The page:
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Organizing a Trial Book

ORGANIZING A TRIAL BOOKLawsuits, especially those that result in a court trial, produce voluminous amounts of paper—documents, notes, discovery information, and so on. The worst thing a party can do is to become disorganized, which costs time and emotional well being, and runs the risk of losing some piece of information that could turn out to be crucial to one’s case.

Organization can be accomplished by use of a “trial book,” generally a notebook, such as a three-ring binder, in which all papers relating to the case are organized in some coherent, easy-to-find and easy-to-use way. This is something that you should start from the very beginning of your case and build as you go forward.

Benefits of Organization

As described above, the most important reason to remain organized, as with a trial book, is to have easy access to all documents related to trial. Not only will this prevent losses of potentially valuable papers and time wasted looking for missing documents, it will save time during trial preparation, allow others to assist one more readily, and convey to the court and to the opposing party that one is organized and well-prepared.

How-To


No single method of organization is “best” when preparing a trial book. What works for one person may not work for another, so it is important to use whatever system makes one feel most comfortable and most able to find the information one needs most quickly and efficiently.
A simple, inexpensive way to prepare a trial book is to use a simple three-ring binder with dividers or tabbed inserts to separate various documents. The size of the notebook will depend on the type of trial and the amount of paper, but be prepared for the possibility that more than one volume could be necessary. If this is the case, it is helpful to make every binder of the same size and color, clearly labeled on the exterior regarding its content and the volume number, and to use the same type of organization system within each.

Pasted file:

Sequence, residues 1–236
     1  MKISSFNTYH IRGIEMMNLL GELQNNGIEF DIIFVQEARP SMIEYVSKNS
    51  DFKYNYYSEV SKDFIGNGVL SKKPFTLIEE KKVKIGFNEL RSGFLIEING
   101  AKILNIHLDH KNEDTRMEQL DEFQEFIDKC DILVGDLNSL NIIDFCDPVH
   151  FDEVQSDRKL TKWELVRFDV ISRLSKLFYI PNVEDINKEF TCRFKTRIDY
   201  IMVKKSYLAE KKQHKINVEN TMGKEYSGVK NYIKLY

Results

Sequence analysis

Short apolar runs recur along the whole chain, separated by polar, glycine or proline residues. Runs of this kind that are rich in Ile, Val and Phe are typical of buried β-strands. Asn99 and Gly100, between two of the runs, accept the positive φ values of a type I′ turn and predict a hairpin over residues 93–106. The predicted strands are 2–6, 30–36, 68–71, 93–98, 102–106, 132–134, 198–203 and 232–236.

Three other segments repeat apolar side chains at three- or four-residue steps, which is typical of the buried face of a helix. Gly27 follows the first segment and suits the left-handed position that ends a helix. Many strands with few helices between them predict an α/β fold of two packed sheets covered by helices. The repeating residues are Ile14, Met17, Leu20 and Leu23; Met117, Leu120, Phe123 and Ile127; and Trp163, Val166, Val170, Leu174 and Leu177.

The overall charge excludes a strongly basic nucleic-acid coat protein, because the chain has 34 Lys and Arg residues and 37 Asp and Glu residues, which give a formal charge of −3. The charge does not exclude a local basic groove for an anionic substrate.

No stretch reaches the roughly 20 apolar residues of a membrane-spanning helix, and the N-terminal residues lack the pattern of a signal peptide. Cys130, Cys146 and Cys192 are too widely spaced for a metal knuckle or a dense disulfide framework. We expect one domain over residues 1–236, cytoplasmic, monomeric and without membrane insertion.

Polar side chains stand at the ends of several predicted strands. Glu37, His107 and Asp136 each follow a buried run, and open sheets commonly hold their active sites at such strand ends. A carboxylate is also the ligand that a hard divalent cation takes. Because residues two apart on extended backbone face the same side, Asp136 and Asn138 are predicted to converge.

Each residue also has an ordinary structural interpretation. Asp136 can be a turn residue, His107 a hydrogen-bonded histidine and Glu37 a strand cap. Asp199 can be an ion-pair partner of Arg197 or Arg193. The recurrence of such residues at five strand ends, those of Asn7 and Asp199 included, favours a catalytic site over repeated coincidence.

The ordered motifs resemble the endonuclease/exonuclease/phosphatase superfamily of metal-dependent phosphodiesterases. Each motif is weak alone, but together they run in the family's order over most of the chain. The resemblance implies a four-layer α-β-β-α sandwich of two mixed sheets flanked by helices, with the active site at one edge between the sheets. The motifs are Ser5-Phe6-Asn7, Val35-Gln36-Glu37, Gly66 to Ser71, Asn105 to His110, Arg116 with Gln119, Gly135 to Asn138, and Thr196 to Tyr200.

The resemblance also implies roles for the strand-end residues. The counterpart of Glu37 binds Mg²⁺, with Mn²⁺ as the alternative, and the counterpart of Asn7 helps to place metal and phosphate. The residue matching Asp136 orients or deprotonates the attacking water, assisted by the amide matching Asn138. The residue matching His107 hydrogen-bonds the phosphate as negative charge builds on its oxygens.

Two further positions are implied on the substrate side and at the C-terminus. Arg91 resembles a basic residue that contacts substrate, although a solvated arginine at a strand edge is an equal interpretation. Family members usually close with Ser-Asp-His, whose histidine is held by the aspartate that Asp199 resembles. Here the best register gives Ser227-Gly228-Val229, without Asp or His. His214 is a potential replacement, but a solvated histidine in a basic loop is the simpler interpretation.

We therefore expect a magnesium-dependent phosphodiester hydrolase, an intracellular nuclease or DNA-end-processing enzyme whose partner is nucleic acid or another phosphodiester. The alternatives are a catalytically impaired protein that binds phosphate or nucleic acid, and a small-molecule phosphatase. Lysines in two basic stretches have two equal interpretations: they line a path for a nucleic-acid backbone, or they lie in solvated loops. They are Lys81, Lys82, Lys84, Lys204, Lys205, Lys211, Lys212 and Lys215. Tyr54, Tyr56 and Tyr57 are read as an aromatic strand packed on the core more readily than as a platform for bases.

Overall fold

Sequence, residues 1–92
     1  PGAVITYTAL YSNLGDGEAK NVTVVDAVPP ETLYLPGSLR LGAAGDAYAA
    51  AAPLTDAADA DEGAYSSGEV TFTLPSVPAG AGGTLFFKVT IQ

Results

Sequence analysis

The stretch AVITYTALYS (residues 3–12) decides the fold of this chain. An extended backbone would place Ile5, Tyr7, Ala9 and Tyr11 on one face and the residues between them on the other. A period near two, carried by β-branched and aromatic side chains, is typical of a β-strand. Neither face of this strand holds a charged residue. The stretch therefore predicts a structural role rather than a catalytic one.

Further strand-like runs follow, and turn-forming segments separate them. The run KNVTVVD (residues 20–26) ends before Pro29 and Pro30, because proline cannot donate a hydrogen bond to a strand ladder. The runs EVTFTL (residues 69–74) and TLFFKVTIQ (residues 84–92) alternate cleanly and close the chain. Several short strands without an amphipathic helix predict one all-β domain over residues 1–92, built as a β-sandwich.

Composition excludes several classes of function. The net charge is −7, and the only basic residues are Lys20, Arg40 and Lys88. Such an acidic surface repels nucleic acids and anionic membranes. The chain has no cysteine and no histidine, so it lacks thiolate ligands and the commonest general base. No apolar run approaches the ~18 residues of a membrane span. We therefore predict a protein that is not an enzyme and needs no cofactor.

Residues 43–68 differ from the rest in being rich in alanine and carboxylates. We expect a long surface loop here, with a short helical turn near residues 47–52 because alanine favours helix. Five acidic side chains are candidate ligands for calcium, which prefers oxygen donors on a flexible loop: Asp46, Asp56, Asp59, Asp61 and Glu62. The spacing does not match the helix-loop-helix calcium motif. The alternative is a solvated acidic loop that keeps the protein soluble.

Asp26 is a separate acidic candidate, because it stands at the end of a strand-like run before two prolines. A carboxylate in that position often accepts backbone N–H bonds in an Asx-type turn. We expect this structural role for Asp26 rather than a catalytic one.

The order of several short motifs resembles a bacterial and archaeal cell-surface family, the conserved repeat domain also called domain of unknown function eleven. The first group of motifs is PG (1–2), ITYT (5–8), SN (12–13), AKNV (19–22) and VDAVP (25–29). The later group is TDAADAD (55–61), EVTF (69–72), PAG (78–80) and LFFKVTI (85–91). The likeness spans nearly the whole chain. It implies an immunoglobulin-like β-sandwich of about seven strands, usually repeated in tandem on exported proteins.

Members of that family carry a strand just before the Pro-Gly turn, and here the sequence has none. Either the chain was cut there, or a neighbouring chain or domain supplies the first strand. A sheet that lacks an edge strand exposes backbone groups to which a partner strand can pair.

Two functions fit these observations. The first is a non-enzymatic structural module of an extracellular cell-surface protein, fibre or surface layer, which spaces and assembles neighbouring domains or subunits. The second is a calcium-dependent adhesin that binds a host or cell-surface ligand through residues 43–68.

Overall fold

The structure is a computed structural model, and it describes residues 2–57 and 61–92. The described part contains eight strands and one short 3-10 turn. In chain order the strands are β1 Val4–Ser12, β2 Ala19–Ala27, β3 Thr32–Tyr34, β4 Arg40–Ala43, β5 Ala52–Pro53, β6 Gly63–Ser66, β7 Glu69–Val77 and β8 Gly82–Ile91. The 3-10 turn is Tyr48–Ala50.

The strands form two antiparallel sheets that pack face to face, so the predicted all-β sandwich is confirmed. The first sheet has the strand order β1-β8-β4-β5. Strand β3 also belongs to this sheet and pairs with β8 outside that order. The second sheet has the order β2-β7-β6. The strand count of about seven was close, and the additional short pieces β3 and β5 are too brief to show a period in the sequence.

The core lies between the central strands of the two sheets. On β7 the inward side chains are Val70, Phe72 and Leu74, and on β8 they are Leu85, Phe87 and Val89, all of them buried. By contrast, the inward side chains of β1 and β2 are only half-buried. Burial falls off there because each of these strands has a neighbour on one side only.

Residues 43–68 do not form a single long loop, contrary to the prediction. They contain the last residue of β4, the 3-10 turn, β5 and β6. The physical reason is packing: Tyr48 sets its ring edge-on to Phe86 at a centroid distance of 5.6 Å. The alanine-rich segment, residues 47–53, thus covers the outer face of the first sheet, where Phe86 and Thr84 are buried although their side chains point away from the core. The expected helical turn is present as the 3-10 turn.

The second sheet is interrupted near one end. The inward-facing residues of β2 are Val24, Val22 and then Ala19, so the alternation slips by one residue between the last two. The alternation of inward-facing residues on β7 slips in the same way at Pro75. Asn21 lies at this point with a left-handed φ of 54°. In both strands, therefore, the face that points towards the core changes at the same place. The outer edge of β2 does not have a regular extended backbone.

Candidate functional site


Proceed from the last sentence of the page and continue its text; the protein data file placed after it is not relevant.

Currently, some parties choose to use electronic notebooks, with folders on a computer organizing one’s information in the way section labels do with a hard-copy book. One who is comfortable with technology may find this method preferable.
Section labels again will depend on the particular case, but some common headings, with examples of what should be placed in that particular section, include:

  • Background—any initial information that brought the lawsuit about in the first place, including personal reflections
  • Case analysis—plan of attack: what law applies to one’s position in relation to the available evidence
  • Discovery—answers to interrogatories, with notes regarding how those answers will potentially affect one’s position at trial; independent medical examinations, if applicable
  • Pretrial orders—any orders from the court in response to motions (motion to extend, motion to compel, etc.) to provide a complete picture of the history of the progression to trial
  • Settlement negotiations—if settlement negotiations were attempted but failed, resulting in trial, the information gathered in such negotiations may be helpful in preparing one’s argument at trial
  • Depositions—depositions of any witnesses, so that their answers are readily available; particularly useful if witness testimony is inconsistent therewith
  • Memoranda—information provided to others (to lay out a progression of communications, and as potential proof of communications alleged); information from others—advice from colleagues, professionals, etc.
  • Correspondence—letters, emails, and recorded conversations or messages regarding the case; particularly useful to show inconsistencies with what is presented at trial
  • Opening statement—outline of what points one wishes to emphasize during the opening statement, so that nothing is forgotten
  • Witnesses—list of one’s own and one’s opponent’s witnesses, with information regarding each that may be important to confronting each at trial
  • Questioning—list of important questions that must be asked of witnesses; one may also find it helpful to include expected answers so that if a witness response is unanticipated a red flag is raised
  • Exhibit list—a list of exhibits offered at trial, as well as a copy of the other party’s exhibits (which should be provided prior to trial)
  • Closing statement—outline of which points to reemphasize during closing

Some trial books will have all of the above sections and more, or be more elaborately subdivided. Others will have only a few of the above sections.
The most popular organization method of documents within sections in a trial book is chronological order. Chronology is beneficial because everything is easy to find by date, which is imperative because so many things in a case depend upon timing. Additionally, as the lawsuit progresses, more documents will appear and need to be included in the trial book; chronological order provides a clear location for each document to be placed and, later, found.----------------------------------------------------------------------------------

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